The criticism of the ATO’s contentious draft Practical Compliance Guideline 2021/D2 comes as the Tax Office claims that it had been consulting with the legal and accounting professional bodies ever since it withdrew its previous guidance in late 2017.
However, the peak bodies have now disputed this, noting that only selected members were consulted under strict confidentiality agreements, hampering the ability of the bodies to aid in the development of the new guidelines.
“We were not consulted in the development of this draft guidance, contrary to what’s stated on the ATO’s website,” said Elinor Kasapidis, senior manager of tax policy at CPA Australia.
“Had we been approached, we would have told the regulator the proposed changes are unjustified and badly designed.”
The draft PCG, which tries to prevent owners of a professional firm from being taxed on an “artificially low” share of the business’s profits, has found little support since it was publicly released last month, with the joint professional bodies questioning the legal basis of the draft guidelines.
The Institute of Public Accountants believes the ATO is attempting to intimidate firms into conservative tax outcomes, criticising the lack of connection between the guideline’s new risk assessment framework and existing general anti-avoidance provisions.
Likewise, CPA Australia believes the new guidelines could cause individual professional practitioners (IPP) to pay significantly more tax than is legally required simply to avoid the risk of an ATO audit.
“This is an example of regulatory overreach,” Ms Kasapidis said. “There’s no evidence of widespread tax avoidance or tax revenue losses to justify singling out professional firms such as accounting practices for harsh treatment.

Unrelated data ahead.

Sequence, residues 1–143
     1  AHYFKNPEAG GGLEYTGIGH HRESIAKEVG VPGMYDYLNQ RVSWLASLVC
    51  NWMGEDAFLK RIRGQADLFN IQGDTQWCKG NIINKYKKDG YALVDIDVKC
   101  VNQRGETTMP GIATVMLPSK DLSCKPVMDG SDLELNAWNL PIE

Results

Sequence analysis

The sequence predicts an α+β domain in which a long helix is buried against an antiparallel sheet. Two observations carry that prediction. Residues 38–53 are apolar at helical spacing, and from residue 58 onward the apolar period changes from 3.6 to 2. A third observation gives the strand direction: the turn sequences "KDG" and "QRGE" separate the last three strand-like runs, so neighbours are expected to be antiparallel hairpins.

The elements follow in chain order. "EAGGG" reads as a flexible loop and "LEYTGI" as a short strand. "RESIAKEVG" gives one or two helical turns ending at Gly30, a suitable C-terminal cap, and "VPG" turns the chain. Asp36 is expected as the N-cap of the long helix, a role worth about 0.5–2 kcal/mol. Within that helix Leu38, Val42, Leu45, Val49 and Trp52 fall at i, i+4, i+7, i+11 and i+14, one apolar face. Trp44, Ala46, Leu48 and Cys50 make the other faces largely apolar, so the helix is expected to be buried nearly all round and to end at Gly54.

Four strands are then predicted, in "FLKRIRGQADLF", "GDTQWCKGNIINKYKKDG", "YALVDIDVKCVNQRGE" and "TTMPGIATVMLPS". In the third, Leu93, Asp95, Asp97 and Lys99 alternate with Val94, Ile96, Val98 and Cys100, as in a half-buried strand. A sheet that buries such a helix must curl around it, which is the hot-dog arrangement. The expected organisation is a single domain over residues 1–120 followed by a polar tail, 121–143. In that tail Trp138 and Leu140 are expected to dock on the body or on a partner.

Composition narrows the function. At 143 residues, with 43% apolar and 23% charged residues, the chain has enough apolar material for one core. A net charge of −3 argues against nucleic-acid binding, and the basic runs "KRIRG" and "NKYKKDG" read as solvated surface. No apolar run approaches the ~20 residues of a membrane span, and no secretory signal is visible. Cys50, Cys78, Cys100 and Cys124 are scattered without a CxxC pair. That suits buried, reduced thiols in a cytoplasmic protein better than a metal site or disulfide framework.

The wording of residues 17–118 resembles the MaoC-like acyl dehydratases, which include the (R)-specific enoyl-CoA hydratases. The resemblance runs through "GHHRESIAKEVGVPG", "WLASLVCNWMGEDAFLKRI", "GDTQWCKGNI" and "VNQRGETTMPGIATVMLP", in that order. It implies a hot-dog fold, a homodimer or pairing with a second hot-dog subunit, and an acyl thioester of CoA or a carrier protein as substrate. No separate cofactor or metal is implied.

“The ATO has designed the new risk assessment framework with little consideration of the structure of modern practices and the way they generate and distribute profits.
“Many of our members will have their risk profile upgraded under the new framework, despite no change to their business model or the identification of issues that would warrant a higher risk profile.”
The professional body has now provided the ATO with five examples of how the new guidelines will cause many standard, arm’s length and commercial arrangements to be classified as moderate to high risk of audit even when it is highly unlikely that the ATO would successfully apply Part IVA at the audit’s conclusion.
It has urged the Tax Office to reconsider the draft PCG and to ensure that the risk assessment framework properly identifies IPPs and arrangements with a high level of Part IVA risk.
“The ATO needs to head back to the drawing board on this one,” Ms Kasapidis said.
“Before serving up another draft of these guidelines, we strongly recommend they engage with the peak professional bodies for insights on how professional firms actually operate.”
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Jotham Lian is the editor of Accountants Daily, the leading source of breaking news, analysis and insight for Australian accounting professionals.
Before joining the team in 2017, Jotham wrote for a range of national mastheads including the Sydney Morning Herald, and Channel NewsAsia.